Spare some prayers for the confessional seal in Western Australia.
WA’s Minister for Child Protection, Simone McGurk, recently announced a law to force Catholic and Orthodox priests to report child sexual abuse should mention be made during confession.
This has invited yet another flurry of distasteful comments from Joe Public about all things Catholic, accompanied by a good dose of mockery and misunderstanding of the confessional.
One voice for common sense was WAToday’s political reporter, Nathan Hondros. He reported that the proposed law would be “unworkable, unenforceable and have no public policy value”, “a cynical waste of time designed to distract voters from serious child protection failures in WA”. And WA has some grossly serious failures.
“What kind of child abuser goes to confession, anyway?” he rightly stated. “And if they did, they can do so in a way that is anonymous. The priest doesn’t know who they are.”
Hondros quoted from an equally sensible Perth priest who said that clergy were “unanimous that we would report [child abuse] if it was in a situation outside of the confessional that we learnt this information, but we would never report what happened within.”
McGurk appears to have drastically misunderstood the nature of confession and its sacred purpose. Permit me to share a unique aspect of the confessional relating to abuse which you will rarely hear about.
Priests don’t speak of survivors visiting the confessional. They mustn’t. Everyone knows this. No. It is survivors themselves who have told me how the permanency of the seal has helped them to start their journey of recovery.
The Catholic and Orthodox priesthoods’ serious commitment to the seal has assisted survivors to come to terms with their own stories and often buried histories.
A Sacrament of healing for survivors
When in confession, survivors are in charge of how long they wish to speak and share for.
This is not always felt in therapy which for some victims can mirror past abuse. (Think about it: four walls and a closed door, expectations from an adult before them who earns money from survivors’ misfortunes.)
A swift few minutes in confession is sometimes all a survivor can bear to speak for, followed by a quick exit.
Survivors can remain anonymous while speaking openly in confession. And it costs nothing. Therapy is the opposite.
Confession is mostly available outside of working hours which therapy isn’t. And no scary professional notes are taken and filed away under lock and key.
These aspects of the confessional, secured by the seal, are invaluable to many survivors’ initial journeys of recovery.
It remains the only space – a truly sacred space – in society where some victims begin to find a voice and come to terms with their childhood trauma.
The recovery journey can be excruciatingly painful, lengthy, and lifelong. The Royal Commission has born witness to this. Getting it right is imperative.
Survivors return to the confessional because this setting has got it right and offers the necessary safety and respect.
Do not think that it is only Catholic and Orthodox Christians who take advantage of the windowed closed door and inner curtain of the confessional which today ensure the penitent can be seen by the public and therefore feel safe, but cannot be identified by the priest which safeguards any disclosure.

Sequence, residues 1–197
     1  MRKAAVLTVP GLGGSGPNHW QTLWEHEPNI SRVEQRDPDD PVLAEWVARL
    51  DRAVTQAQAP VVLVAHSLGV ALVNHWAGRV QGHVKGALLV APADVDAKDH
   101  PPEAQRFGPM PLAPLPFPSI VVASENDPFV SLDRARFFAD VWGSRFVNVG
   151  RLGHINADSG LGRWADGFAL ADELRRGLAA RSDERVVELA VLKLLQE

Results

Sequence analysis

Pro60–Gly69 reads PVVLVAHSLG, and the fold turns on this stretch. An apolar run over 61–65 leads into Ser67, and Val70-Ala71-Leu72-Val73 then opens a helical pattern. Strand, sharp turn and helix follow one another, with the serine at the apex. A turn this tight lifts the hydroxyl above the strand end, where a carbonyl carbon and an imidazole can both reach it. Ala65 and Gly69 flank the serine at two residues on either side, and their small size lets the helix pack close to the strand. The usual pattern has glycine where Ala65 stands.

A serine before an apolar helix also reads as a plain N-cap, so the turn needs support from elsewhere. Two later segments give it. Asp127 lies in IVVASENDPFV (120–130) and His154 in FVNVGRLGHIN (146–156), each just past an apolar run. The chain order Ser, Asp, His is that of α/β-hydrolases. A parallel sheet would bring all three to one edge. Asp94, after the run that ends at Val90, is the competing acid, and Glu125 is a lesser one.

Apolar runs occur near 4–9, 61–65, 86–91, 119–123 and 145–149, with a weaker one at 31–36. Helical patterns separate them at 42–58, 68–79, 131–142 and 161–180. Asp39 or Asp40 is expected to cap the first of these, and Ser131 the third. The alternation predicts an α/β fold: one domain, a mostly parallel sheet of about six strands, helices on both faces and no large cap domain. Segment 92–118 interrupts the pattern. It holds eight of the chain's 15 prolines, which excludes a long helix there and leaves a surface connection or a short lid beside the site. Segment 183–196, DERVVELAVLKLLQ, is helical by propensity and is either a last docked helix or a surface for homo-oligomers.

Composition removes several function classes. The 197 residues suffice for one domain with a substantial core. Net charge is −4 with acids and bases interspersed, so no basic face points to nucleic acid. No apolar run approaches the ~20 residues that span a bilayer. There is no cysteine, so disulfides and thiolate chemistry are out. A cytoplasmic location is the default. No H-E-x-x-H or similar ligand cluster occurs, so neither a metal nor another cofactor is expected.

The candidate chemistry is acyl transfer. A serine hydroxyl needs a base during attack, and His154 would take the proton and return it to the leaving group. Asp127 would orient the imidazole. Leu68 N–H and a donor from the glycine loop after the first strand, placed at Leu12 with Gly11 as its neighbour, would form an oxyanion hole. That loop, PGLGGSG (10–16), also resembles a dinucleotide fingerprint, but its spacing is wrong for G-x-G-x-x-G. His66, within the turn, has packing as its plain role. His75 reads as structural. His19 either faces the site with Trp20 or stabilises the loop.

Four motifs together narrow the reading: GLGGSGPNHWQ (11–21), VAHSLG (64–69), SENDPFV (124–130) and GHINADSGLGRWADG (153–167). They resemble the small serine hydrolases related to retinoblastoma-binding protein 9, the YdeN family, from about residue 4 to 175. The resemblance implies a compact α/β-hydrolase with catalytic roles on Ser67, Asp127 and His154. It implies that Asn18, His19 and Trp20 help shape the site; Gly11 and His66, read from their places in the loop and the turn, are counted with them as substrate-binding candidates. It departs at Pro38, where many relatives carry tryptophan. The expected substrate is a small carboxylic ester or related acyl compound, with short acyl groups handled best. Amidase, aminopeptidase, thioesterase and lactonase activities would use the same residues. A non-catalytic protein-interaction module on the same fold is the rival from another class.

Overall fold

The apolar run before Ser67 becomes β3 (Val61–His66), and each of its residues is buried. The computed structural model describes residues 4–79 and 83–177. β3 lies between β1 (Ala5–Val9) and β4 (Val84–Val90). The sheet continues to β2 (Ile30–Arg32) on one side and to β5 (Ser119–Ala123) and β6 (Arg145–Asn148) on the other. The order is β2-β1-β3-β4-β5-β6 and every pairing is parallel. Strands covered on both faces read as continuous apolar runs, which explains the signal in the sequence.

No. It is also people from other Christian denominations who quietly take advantage of this exclusive, redemptive setting.
The seal ensures safety for survivors
Since the proposed change to WA’s confession laws, I have received calls from two survivors. Both are now on a knife edge.
The first is now fearful a priest might need to pressure her to confess who her abuser was.
She has never named her childhood abuser to anyone, sharing merely that he was a family member whom she still loves very much. She is now fearful to return to the confessional, previously a place of safety which has brought incredible healing to her.
The second caller told me that he had disclosed to several priests in confession details of the man who abused him as a child, although again no name has ever been mentioned. He is now scared.
First, that his past sharing has put pressure onto priests that will force them by law to compromise their, and his, integrity.
Secondly, that pressure may in the future be placed upon him by a priest to disclose more than he is comfortable to reveal with the purpose that his childhood abuser be hunted down and brought to trial.
As a survivor of extensive childhood sexual abuse, I too can testify to the power of the seal.
It played an integral role in building my inner strength during gradual disclosures which led me to approach the Police and report historical abuse. This resulted in the conviction of a prolific paedophile.
If I had questioned the confessional seal at the outset I would never have found the same courage to speak up.
Fewer disclosures mean fewer convictions which mean more abuse. Not quite the outcome a Minister for Child Protection should pursue.
What WA’s government and the rabid online lynch mob have all failed miserably to consider is that interference with the confessional has a debilitating effect primarily on survivors, not on perpetrators.
Yet again we see unworkable, unenforceable public policy causing more harm than good, and all falsely paraded as justice.
So please, do pray for child protection in WA, for the bishops and clergy, and equally for survivors. God knows how much we all need him in this mess.